ARTS / Outside Edge: James Bloom on the new sound of political protest
Friday 14 October 1994
The walls of the Hacienda night-club in Manchester were covered with photographs of grey-faced policemen and angry yokels beating and harassing New Age travellers. Similar videos and film loops were projected on to giant puppets which walked among the crowd fighting and dancing, acting out the roles of favourite members of parliament. Circus Warp's hypnotic 'techno' shook the floors and walls. Billy Bragg sat in the Gay Traitor chill-out room, twanging a British version of 'This land Is Our Land', and expanded on the problems of living within a 10-mile radius of Paul Weller. The crowd, (painted, many of them, with UV-sensitive spirals) cheered him on and off the stage.
At midnight, the dance floor was invaded by truncheon-wielding 'riot police' who turned off the music and announced that the event had been sanctioned in accordance with Clause 58 of the Criminal Justice Bill and that everyone was under arrest. Within two minutes a woman had jumped on the stage and thrown a policeman off, declaring that the party would go on - and it did.
The Velvet Revolution has been sponsored by Activ88, the youth arm of Charter 88, which believes that it can use raves to pull together apathetic students to put pressure on Government and media. It aims to mobilise a community alienated by conservative values but singularly unimpressed by the conventional party political alternatives.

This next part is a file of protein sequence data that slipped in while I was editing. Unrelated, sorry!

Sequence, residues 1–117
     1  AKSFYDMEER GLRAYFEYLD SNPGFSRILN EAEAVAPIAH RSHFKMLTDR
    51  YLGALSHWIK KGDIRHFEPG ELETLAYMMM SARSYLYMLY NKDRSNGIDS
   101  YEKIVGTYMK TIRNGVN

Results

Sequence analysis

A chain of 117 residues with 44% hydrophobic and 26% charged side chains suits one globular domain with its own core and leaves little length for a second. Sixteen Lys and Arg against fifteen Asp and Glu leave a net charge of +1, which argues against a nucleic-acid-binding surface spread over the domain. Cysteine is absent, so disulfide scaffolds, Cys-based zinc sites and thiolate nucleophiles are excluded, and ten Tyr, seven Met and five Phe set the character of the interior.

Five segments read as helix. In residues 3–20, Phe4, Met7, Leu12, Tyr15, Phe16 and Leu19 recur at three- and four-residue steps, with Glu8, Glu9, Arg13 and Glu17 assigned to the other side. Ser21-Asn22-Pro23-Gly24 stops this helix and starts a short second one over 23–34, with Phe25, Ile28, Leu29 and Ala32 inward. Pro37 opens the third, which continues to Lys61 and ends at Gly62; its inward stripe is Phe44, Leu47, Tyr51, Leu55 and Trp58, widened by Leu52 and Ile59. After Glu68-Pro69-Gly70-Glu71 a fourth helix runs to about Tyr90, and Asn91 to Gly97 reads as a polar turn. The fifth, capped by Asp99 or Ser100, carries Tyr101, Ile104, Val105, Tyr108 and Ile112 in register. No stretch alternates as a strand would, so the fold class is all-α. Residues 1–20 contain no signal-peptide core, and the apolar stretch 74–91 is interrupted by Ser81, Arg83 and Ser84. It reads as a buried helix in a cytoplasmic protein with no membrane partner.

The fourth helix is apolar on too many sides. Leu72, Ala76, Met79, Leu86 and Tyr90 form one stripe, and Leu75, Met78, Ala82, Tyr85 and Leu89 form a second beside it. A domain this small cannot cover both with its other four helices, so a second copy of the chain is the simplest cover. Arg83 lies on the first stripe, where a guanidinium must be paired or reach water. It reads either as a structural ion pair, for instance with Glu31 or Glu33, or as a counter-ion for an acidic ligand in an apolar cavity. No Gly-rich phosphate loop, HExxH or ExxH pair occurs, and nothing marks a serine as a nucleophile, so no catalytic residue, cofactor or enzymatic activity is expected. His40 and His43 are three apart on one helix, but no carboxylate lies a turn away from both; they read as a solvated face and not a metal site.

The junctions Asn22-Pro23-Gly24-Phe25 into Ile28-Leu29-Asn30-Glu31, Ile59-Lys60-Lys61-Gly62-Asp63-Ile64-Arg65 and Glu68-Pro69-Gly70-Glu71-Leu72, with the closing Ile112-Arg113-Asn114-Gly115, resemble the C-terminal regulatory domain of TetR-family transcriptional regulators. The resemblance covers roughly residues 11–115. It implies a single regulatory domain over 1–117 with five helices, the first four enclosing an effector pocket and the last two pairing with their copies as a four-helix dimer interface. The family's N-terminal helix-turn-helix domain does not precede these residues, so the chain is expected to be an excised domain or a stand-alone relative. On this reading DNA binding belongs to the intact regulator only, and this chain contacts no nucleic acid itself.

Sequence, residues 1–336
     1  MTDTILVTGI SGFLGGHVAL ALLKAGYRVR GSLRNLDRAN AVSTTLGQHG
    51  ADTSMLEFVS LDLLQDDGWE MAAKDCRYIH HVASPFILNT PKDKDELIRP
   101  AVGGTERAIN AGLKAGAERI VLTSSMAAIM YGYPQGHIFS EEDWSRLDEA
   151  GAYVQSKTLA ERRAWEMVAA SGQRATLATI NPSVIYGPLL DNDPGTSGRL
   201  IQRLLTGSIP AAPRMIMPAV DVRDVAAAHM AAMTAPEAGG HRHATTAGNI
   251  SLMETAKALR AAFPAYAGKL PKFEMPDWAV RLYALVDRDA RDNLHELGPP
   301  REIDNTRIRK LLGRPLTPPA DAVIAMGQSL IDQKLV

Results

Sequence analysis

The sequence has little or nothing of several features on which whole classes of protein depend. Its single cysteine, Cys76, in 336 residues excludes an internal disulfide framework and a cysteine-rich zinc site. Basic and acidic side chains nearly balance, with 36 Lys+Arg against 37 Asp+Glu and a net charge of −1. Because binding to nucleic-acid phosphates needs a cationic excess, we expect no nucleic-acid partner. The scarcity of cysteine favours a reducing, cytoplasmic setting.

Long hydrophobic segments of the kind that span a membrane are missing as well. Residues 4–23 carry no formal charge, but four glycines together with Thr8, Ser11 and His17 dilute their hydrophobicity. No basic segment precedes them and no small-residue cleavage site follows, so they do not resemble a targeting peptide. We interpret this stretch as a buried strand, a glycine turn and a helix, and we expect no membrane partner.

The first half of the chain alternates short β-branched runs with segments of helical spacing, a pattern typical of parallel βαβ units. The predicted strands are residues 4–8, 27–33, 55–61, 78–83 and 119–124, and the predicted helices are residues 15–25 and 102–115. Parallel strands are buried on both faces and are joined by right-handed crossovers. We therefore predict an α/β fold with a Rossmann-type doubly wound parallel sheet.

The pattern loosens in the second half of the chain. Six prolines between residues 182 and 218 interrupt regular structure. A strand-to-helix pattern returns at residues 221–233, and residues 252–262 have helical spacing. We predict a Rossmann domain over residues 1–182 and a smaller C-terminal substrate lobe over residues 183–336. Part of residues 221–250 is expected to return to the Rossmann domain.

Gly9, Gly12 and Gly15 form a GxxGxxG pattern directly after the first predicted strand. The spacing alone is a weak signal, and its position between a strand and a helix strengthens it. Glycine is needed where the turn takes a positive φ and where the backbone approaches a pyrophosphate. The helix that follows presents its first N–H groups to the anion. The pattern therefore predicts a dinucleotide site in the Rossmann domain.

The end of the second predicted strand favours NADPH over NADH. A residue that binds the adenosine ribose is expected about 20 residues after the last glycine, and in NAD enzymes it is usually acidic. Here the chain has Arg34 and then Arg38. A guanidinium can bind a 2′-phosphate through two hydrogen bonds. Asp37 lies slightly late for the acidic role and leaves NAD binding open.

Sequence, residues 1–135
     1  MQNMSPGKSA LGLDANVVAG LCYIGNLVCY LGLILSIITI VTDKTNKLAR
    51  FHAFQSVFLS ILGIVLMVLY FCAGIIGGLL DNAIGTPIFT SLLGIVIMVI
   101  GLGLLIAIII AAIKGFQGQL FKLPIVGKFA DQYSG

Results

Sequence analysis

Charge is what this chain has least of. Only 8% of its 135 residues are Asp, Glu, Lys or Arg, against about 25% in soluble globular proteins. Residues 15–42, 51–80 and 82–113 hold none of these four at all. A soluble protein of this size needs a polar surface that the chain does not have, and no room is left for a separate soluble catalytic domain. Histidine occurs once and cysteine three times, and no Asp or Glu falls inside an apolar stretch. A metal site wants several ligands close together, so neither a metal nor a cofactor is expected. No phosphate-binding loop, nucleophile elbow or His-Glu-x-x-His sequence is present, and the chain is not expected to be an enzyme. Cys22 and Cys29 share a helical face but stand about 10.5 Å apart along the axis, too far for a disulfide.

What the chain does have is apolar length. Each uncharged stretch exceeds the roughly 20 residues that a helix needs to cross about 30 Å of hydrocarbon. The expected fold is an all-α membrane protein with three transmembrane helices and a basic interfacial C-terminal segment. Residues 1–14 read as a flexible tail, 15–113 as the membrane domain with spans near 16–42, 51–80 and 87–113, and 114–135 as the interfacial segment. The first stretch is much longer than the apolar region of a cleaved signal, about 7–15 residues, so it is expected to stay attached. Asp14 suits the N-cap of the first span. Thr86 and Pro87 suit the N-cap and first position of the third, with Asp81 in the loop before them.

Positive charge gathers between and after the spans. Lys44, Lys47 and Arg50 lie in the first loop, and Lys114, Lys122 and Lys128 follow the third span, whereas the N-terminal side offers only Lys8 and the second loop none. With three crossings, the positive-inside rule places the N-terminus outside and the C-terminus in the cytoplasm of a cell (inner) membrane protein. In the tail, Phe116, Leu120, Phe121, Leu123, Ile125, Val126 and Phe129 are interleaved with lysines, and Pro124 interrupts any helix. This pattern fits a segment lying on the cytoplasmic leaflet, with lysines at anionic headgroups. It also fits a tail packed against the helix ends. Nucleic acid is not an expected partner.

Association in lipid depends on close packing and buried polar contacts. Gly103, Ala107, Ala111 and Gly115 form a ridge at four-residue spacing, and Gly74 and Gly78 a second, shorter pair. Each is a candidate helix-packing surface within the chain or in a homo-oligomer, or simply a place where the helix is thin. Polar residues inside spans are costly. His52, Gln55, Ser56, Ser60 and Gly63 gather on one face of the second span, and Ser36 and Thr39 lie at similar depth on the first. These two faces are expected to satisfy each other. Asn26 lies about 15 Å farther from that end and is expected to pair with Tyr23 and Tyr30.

Ashok Viswanathan, a 20-year-old Activ88 spokesperson, says: 'I'm really not interested in boring political conferences and fat old men insulting each other. I reckon that kids in general prefer lively interaction that's both fun and informative, and spaces where they can express themselves freely through dancing and stuff, so we're putting our message out in a way that kids can hear, through a medium that they can relate to.' On the surface, the Velvet Revolution is more art than activism, but it owes its existence to an unusual combination of realism and commitment.
Velvet Revolution, touring to mid-November
Listen to his collaboration with Naughty Boymusic
Film review Michael Glatze biopic isn't about a self-hating gay man gone straight
Arts & Ents blogs
- 1 Katie Hopkins attacked me on Twitter — so I reported her to the police for inciting racial hatred
- 2 I might be an MP, but that doesn't stop me fighting sexism with my breasts
- 3 Google April Fools': company unveils backwards search engine and huggable digital assistant
- 4 April Fools' Day 2015: The best hoax news stories from around the internet
- 5 Gamers confess the worst things they've done in The Sims
Gaza Banksy mural sold to 'conman' for just $175
Tidal launch: The most pretentious lines from Alicia Keys' valedictory speech
Tidal: Jay Z's Spotify rival criticised for making wealthy artists even richer
Top Gear live to go ahead: Jeremy Clarkson to join Richard Hammond and James May... just don't call it Top Gear
James May hints he will not continue on Top Gear without Jeremy Clarkson
Ukip supporters are 55 or older, white and socially conservative, finds British Social Attitudes Report
Street preacher quoting from the Bible fined for calling homosexuality an 'abomination'
Katie Hopkins attacked me on Twitter — so I reported her to the police for inciting racial hatred
Woman filmed launching racist tirade against men on the Tube for speaking in 'own lingo'
The West has it totally wrong on Lee Kuan Yew
David Cameron calls Labour 'hopeless, sneering socialists' while announcing 7-day NHS plans